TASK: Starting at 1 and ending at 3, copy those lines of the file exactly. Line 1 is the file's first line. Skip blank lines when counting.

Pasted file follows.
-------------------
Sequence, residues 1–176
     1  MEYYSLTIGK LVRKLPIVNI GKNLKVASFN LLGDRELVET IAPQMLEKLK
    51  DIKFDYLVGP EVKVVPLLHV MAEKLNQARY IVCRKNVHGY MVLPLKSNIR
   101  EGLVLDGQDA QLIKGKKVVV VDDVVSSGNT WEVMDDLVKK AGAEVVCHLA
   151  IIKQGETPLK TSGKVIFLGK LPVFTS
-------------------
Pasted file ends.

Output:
Sequence, residues 1–176
     1  MEYYSLTIGK LVRKLPIVNI GKNLKVASFN LLGDRELVET IAPQMLEKLK
    51  DIKFDYLVGP EVKVVPLLHV MAEKLNQARY IVCRKNVHGY MVLPLKSNIR